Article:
Does human proximity affect antibody prevalence in marine-foraging river otters (Lontra canadensis)?

Joseph K. Gaydos, Patricia A Conrad, Kirsten Vk Gilardi, Gail M. Blundell, Merav Ben-David

Research output: Contribution to journalArticle

20 Citations (Scopus)

Abstract

The investigation of diseases of free-ranging river otters (Lontra canadensis) is a primary conservation priority for this species; however, very little is known about diseases of river otters that forage in marine environments. To identify and better understand pathogens that could be important to marine-foraging river otters, other wildlife species, domestic animals, and humans and to determine if proximity to human population could be a factor in disease exposure, serum samples from 55 free-ranging marine-foraging river otters were tested for antibodies to selected pathogens. Thirty-five animals were captured in Prince William Sound, Alaska (USA), an area of low human density, and 20 were captured in the San Juan Islands, Washington State (USA), an area characterized by higher human density. Of 40 river otters tested by indirect immunofluorescent antibody test, 17.5% were seropositive (titer ≥320) for Toxoplasma gondii. All positive animals came from Washington. Of 35 river otters tested for antibodies to Leptospira interrogans using the microscopic agglutination test, 10 of 20 (50%) from Washington were seropositive (titer ≥200). None of the 15 tested animals from Alaska were positive. Antibodies to Neospora caninum (n=40), Sarcocystis neurona (n=40), Brucella abortus (n=55), avian influenza (n=40), canine distemper virus (n=55), phocine distemper virus (n=55), dolphin morbillivirus (n=55), porpoise morbillivirus (n=55), and Aleutian disease parvovirus (n=46) were not detected. Identifying exposure to T. gondii and L. interrogans in otters from Washington State but not in otters from Alaska suggests that living proximal to higher human density and its associated agricultural activities, domestic animals, and rodent populations could enhance river otter exposure to these pathogens.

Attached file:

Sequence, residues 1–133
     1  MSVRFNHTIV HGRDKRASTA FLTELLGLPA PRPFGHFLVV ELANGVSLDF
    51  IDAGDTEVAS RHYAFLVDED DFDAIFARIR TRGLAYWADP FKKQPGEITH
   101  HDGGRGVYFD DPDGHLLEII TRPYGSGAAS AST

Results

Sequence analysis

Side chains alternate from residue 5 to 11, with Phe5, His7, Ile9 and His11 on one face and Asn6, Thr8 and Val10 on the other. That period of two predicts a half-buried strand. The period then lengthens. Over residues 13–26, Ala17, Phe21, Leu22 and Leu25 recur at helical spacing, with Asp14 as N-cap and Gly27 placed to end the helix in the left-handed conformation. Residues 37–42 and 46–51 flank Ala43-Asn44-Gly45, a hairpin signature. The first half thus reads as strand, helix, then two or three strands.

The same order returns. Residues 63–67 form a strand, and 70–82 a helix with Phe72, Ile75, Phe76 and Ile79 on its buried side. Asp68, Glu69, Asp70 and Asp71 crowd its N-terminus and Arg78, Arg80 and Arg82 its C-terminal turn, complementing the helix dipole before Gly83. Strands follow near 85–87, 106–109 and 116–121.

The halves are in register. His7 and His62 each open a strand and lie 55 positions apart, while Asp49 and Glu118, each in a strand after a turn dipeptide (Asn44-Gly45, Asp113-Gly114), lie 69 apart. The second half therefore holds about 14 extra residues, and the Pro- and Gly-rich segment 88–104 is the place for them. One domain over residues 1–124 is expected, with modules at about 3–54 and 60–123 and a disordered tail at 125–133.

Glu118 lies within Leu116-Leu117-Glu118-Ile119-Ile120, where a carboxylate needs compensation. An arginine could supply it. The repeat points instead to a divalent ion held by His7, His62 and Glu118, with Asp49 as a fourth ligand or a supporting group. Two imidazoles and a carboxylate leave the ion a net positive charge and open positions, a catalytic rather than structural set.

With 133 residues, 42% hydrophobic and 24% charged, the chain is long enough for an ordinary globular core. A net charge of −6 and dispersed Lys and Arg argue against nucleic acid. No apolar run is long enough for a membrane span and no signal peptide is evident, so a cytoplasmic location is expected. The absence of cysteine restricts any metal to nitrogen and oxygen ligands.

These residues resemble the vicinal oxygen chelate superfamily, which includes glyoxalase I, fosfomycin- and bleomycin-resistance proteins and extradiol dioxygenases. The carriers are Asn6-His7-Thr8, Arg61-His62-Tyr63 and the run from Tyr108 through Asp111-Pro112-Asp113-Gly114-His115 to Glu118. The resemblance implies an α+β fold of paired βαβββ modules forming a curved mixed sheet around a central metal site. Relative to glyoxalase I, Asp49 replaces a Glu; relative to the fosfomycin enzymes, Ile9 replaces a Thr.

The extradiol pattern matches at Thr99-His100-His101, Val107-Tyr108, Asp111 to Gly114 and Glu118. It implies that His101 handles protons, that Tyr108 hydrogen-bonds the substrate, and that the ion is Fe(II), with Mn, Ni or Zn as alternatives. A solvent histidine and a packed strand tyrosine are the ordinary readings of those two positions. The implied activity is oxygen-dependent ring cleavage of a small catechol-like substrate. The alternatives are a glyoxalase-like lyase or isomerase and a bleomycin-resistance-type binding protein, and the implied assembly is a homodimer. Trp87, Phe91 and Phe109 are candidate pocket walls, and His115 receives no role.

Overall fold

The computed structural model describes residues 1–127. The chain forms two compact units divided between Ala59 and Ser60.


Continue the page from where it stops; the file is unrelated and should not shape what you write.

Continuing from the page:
Original languageEnglish (US)
Pages (from-to)116-123
Number of pages8
JournalJournal of Wildlife Diseases
Volume43
Issue number1
StatePublished - Jan 2007

Fingerprint

Otters
Lontra canadensis
Rivers
seroprevalence
antibody
foraging
Antibodies
river
animal
Morbillivirus
pathogen
Leptospira interrogans
antibodies
Toxoplasma gondii
domestic animals
virus
Domestic Animals
Toxoplasma
pathogens
domestic species

Keywords

  • Disease
  • Human population
  • Leptospirosa
  • Lontra canadensis
  • Marine
  • River otter
  • Toxoplasma gondii

ASJC Scopus subject areas

  • veterinary(all)

Cite this

Does human proximity affect antibody prevalence in marine-foraging river otters (Lontra canadensis)? / Gaydos, Joseph K.; Conrad, Patricia A; Gilardi, Kirsten Vk; Blundell, Gail M.; Ben-David, Merav.

In: Journal of Wildlife Diseases, Vol. 43, No. 1, 01.2007, p. 116-123.

Research output: Contribution to journalArticle

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abstract = "The investigation of diseases of free-ranging river otters (Lontra canadensis) is a primary conservation priority for this species; however, very little is known about diseases of river otters that forage in marine environments. To identify and better understand pathogens that could be important to marine-foraging river otters, other wildlife species, domestic animals, and humans and to determine if proximity to human population could be a factor in disease exposure, serum samples from 55 free-ranging marine-foraging river otters were tested for antibodies to selected pathogens. Thirty-five animals were captured in Prince William Sound, Alaska (USA), an area of low human density, and 20 were captured in the San Juan Islands, Washington State (USA), an area characterized by higher human density. Of 40 river otters tested by indirect immunofluorescent antibody test, 17.5{\%} were seropositive (titer ≥320) for Toxoplasma gondii. All positive animals came from Washington. Of 35 river otters tested for antibodies to Leptospira interrogans using the microscopic agglutination test, 10 of 20 (50{\%}) from Washington were seropositive (titer ≥200). None of the 15 tested animals from Alaska were positive. Antibodies to Neospora caninum (n=40), Sarcocystis neurona (n=40), Brucella abortus (n=55), avian influenza (n=40), canine distemper virus (n=55), phocine distemper virus (n=55), dolphin morbillivirus (n=55), porpoise morbillivirus (n=55), and Aleutian disease parvovirus (n=46) were not detected. Identifying exposure to T. gondii and L. interrogans in otters from Washington State but not in otters from Alaska suggests that living proximal to higher human density and its associated agricultural activities, domestic animals, and rodent populations could enhance river otter exposure to these pathogens.",
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